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Publication numberUS3623691 A
Publication typeGrant
Publication dateNov 30, 1971
Filing dateMar 2, 1970
Priority dateMar 2, 1970
Publication numberUS 3623691 A, US 3623691A, US-A-3623691, US3623691 A, US3623691A
InventorsAlbee Percy Frederick Jr
Original AssigneePanel Corp Q
Export CitationBiBTeX, EndNote, RefMan
External Links: USPTO, USPTO Assignment, Espacenet
Collapsible easel
US 3623691 A
Abstract  available in
Images(3)
Previous page
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Claims  available in
Description  (OCR text may contain errors)

United States Patent [72} Inventor Percy Frederick Albee, Jr.

Harrington, RJ.

[21] Appl. No 15,365

[22] Filed Mar. 2, 1970 [45] Patented Nov. 30, 1971 [73] Assignee Q-Panel Corporation [54] COLLAPSIBLE EASEL 6 Claims, 14 Drawing Figs.

52] user 248/454,

248/463 511 men A47gl/24 so FieldofSearch 248/455.

460,454,451-453, 188.5; 312/23l;40/152.l, 125 H, 156; 160/351, 24.135

3,132,439 5/1964 MCGill a 1. 312/231 FOREIGN PATENTS 1,112,311 11/1955 France 1 1 A 40/156 Primary Examiner-William H. Schultz Allorney Barlow & Barlow ABSTRACT: A collapsible easel having a frame into which two of its legs telescopically contract, a third leg pivotally attached to the easel whereby the frame may be tiltably supported at various angles both forwardly and rearwardly, a reversible panel having magnetic cork,slate, or other material on its opposite faces detachably mounted on the frame, external channels in the sides of the frame into which auxiliary structural members may be intermatingly attached. one such structural member being in the form of extension arms with paper chart clips along their extent, the vertical arms also having hooks at their tops to which a projection screen may be attached and due to the versatility provided by the frame being adjustable to both forward and rearward angles. the screen may be used in conjunction with movie. slide and overhead projectors.

PATENTED HUV30 as?! SHEET 1 OF 3 I NVENTOR.

PERCY FREDERICK ALBEE,JR.

PATENTEIJ NDV30I97I 3,523 691 sum 2 or 3 INVENTOR.

PERCY FREDERICK ALBEE,JR.

BACKGROUND OF THE INVENTION been toward the use of more and more visual aids for instructional or lecturing purposes. Along with this growing maze of individual devices to use has come a decrease in the available space to store these devices and an insufficiency of funds to buy one of each of every kind. What has been needed has been a device that is collapsible and thereby easily movable from room to room or from building to building. Also a need has arisen to provide a device by whose unique structural design a multiplicity of functions can be performed and whose versatility would do away with the need for several individual devices each capable of performing only a limited number of functions thereby cutting down financial expenditures and storage space requirements.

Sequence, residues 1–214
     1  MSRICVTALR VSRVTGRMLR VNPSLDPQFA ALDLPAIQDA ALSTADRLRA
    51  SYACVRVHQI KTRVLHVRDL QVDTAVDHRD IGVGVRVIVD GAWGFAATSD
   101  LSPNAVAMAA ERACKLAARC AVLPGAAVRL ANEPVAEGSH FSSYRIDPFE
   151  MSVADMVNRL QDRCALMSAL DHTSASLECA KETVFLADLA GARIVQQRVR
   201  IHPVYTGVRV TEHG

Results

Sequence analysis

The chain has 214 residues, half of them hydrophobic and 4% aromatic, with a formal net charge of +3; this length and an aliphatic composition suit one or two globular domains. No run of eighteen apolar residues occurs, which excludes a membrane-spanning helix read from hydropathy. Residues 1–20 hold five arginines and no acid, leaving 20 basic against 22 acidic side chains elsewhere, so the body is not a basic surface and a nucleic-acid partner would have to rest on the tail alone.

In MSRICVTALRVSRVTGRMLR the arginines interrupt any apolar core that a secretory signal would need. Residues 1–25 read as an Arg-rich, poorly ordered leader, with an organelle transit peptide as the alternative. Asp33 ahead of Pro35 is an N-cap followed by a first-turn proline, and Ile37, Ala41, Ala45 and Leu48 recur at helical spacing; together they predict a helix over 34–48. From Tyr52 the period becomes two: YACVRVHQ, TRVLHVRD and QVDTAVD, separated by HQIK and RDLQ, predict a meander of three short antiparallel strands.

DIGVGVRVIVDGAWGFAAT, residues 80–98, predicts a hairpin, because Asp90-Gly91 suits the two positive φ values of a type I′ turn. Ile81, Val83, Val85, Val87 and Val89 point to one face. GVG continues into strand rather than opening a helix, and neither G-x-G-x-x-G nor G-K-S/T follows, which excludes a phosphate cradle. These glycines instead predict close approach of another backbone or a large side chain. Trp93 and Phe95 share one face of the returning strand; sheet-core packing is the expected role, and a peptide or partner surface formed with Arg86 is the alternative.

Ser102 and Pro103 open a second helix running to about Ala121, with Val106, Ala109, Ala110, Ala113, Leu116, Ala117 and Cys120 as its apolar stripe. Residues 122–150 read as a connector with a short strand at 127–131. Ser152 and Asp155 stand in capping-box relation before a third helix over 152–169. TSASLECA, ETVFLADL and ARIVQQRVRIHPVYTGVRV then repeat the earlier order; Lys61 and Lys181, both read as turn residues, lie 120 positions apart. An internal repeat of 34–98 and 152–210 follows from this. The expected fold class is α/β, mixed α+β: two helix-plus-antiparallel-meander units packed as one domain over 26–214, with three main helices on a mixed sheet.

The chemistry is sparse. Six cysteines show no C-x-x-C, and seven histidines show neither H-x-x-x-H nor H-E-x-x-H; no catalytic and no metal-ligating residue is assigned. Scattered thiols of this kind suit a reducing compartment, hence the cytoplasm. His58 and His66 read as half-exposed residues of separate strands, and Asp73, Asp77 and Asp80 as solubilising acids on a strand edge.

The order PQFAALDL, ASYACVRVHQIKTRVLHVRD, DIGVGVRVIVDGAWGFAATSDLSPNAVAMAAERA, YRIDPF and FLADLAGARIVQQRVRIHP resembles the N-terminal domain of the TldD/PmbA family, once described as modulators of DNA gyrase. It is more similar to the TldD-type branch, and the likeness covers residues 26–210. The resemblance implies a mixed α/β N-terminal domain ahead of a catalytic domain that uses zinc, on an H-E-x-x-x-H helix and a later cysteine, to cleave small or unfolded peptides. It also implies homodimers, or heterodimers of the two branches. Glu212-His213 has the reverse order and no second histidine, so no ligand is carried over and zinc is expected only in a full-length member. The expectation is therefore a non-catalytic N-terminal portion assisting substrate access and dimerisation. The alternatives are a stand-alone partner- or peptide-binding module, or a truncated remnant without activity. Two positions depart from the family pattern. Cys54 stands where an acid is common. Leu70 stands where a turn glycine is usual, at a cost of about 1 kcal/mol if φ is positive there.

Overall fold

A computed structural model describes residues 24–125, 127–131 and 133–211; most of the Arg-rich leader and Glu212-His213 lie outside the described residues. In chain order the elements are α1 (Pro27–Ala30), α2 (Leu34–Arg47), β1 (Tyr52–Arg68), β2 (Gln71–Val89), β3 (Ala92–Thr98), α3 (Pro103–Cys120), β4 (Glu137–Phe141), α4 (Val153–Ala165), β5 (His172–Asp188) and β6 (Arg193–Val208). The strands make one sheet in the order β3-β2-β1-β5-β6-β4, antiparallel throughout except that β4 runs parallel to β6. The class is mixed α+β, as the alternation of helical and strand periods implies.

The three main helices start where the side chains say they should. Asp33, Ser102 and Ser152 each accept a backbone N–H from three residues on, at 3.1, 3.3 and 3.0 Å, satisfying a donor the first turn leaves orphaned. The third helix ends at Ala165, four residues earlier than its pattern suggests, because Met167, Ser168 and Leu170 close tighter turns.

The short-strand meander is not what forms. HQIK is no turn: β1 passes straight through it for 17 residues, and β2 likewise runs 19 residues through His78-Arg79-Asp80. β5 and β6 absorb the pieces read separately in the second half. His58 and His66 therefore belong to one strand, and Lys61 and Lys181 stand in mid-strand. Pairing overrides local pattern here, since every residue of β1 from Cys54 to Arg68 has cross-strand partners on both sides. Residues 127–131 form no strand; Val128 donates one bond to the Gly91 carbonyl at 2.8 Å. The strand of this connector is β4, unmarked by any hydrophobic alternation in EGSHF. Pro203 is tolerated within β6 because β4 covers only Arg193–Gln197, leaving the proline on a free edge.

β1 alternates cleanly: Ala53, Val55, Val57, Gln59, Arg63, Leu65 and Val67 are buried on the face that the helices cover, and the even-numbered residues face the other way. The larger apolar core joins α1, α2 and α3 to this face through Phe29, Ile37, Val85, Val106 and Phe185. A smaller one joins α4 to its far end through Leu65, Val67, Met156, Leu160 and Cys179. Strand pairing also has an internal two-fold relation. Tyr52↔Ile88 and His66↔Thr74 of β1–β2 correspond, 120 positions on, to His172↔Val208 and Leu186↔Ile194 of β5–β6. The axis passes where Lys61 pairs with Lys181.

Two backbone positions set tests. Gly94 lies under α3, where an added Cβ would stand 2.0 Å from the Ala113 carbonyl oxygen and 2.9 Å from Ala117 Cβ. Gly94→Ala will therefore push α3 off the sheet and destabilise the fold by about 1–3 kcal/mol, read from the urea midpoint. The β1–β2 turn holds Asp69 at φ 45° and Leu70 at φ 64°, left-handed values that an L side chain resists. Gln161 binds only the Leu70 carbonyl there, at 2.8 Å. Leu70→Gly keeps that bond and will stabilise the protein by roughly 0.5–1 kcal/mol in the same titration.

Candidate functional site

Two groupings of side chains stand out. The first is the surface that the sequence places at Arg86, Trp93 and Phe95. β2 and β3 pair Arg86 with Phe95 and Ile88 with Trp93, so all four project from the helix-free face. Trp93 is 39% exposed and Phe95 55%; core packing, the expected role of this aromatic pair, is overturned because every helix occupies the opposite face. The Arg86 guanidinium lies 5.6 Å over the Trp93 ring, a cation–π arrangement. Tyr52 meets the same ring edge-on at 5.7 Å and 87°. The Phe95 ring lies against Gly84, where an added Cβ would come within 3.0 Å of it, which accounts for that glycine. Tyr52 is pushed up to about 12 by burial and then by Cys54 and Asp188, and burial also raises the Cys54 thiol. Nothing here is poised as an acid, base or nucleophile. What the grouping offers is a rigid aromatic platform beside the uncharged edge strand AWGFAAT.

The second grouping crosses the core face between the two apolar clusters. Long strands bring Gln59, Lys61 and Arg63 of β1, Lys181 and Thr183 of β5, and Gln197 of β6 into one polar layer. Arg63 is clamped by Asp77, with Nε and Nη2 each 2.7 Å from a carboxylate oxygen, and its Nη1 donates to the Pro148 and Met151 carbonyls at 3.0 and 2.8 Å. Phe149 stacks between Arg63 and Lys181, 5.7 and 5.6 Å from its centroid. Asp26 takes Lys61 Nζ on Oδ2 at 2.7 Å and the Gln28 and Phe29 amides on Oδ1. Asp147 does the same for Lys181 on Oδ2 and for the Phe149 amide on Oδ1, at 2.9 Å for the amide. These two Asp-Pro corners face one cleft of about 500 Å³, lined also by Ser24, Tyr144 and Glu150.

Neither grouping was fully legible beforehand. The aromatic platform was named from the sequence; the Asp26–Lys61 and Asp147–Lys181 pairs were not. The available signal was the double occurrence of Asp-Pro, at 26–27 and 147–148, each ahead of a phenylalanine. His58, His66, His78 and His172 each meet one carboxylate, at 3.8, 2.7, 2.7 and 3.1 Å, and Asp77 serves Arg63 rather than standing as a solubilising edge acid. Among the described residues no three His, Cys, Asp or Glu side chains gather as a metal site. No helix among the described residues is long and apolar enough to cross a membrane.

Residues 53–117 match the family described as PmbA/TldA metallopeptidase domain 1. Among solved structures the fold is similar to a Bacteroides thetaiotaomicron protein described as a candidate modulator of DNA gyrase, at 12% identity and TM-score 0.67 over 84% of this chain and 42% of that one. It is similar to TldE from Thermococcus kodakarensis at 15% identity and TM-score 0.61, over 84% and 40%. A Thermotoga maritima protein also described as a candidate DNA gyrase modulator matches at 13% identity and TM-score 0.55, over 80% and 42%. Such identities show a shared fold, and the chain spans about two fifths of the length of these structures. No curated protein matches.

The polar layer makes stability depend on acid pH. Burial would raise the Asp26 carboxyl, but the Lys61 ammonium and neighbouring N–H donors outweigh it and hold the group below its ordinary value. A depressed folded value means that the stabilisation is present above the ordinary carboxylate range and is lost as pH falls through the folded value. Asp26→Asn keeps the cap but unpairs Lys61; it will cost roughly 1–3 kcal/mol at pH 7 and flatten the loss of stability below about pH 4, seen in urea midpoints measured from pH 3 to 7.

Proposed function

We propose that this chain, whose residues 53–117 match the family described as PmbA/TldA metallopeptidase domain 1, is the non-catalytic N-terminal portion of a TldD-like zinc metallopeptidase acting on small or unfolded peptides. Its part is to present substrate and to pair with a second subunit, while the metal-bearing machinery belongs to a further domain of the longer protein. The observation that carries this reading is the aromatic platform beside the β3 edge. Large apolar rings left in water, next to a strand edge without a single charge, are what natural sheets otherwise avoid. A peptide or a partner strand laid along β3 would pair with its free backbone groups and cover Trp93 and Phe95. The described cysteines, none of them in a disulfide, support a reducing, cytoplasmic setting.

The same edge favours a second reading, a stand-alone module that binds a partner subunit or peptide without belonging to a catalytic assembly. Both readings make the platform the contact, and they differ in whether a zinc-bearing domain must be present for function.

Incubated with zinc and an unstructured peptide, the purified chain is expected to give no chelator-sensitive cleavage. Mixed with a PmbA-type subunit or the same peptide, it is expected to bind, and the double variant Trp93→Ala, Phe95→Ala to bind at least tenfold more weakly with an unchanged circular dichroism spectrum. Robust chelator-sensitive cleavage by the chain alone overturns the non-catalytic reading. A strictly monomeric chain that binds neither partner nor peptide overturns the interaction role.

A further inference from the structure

SUMMARY OF THE INVENTION The present invention by virtue of its unique structure provides an easel having limitless versatility. It is collapsible to provide for ease in moving from place to place. All of its auxiliary members may remain attached while in the collapsible state further easing the problem of taking along the accessories when moving the easel.

The adjustability of it supporting legs allows the frame to be positioned angularly through a wide degree of angles both forwardly and rearwardly. The frame provides structure to detachably mount a panel which may be reversible and have its opposite faces covered with magnetic, cork, slate, or other material. With the use of auxiliary structural members such as the extension arms, the easel may be converted into a projection screen support for viewing movie pictures or slides or for viewing material displayed by an overhead projector. The telescoping extension arms being extendable and lockable at varying lengths give a wide range to the size of the screens with which the easel may be used.

Also by use of an interconnecting member two or more frames may be attached in modular form. These and other advantages will be evident from a further reading of the specification.

DESCRIPTION OF THE DRAWINGS FIG. 1 is a perspective view of the easel showing some of the auxiliary structural members in exploded view;

FIG. 2 is a side elevation of the easel as used with a projection screen for viewing movie pictures or slides;

FIG. 3 is a side elevation of the ease] as used with a projection screen for viewing material projected by an overhead pro- 'ector;

J FIG. 4 is a side elevation of the frame with an extension arm intermeshingly engaged with the frame with portions broken away.

FIG. 5 is a section taken along line 5-5 of FIG. 4;

FIG. 6 is a section taken along line 6-6 of FIG. 5;

FIG. 7 is a section taken along line 7-7 of FIG. 1;

FIG. 8 is a section taken along line 8-8 of FIG. 7;

FIG. 9 is a front elevation of a portion of the frame and intermeshing leg with areas broken away;

FIG. 10 is a detached side elevation view of a coupling unit having areas broken away;

F IG. 1] is a front elevation of the supporting leg unit;

FIG. 12 is a fragmental view of the telescoping center leg with the position locking mechanism structure broken away for illustration;

FIG. 13 is an illustration of an alternative embodiment showing how a cross section would look when two frames would be laterally attached together by an interconnecting member; and

FIG. 14 is a section taken along line 14-14 of FIG. I.

DESCRIPT ION OF THE PREFERRED EMBODIMENT Referring now to FIG. I, the present invention is illustrated as to how it is used with the panel 20 alone. The easel itself is generally designated by the numeral 18. A major component of the easel is the frame 21. It is comprised of top member 22, bottom member 24, and identical side members 26. Each of the aforesaid members has a recessed flange 23, 25 and 27 respectively into which the panel 20 is detachable secured. The nature of attaching the panel will be described later in conjunction with the explaining of FIGS. 7 and 8. The panel itself is reversible and can be covered on opposite faces with magnetic, cork, slate or other suitable materials to give versatility to the panel itself. The panel when in place also gives rigidity to the frame 21.